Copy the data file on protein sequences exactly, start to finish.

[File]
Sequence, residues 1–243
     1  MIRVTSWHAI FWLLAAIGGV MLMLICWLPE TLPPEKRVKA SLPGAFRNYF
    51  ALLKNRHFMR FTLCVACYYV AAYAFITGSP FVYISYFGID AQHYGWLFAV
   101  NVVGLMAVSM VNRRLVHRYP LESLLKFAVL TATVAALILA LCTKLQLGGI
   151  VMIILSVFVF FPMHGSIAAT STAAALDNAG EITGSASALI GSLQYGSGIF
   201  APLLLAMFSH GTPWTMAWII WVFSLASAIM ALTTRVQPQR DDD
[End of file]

Sequence, residues 1–243
     1  MIRVTSWHAI FWLLAAIGGV MLMLICWLPE TLPPEKRVKA SLPGAFRNYF
    51  ALLKNRHFMR FTLCVACYYV AAYAFITGSP FVYISYFGID AQHYGWLFAV
   101  NVVGLMAVSM VNRRLVHRYP LESLLKFAVL TATVAALILA LCTKLQLGGI
   151  VMIILSVFVF FPMHGSIAAT STAAALDNAG EITGSASALI GSLQYGSGIF
   201  APLLLAMFSH GTPWTMAWII WVFSLASAIM ALTTRVQPQR DDD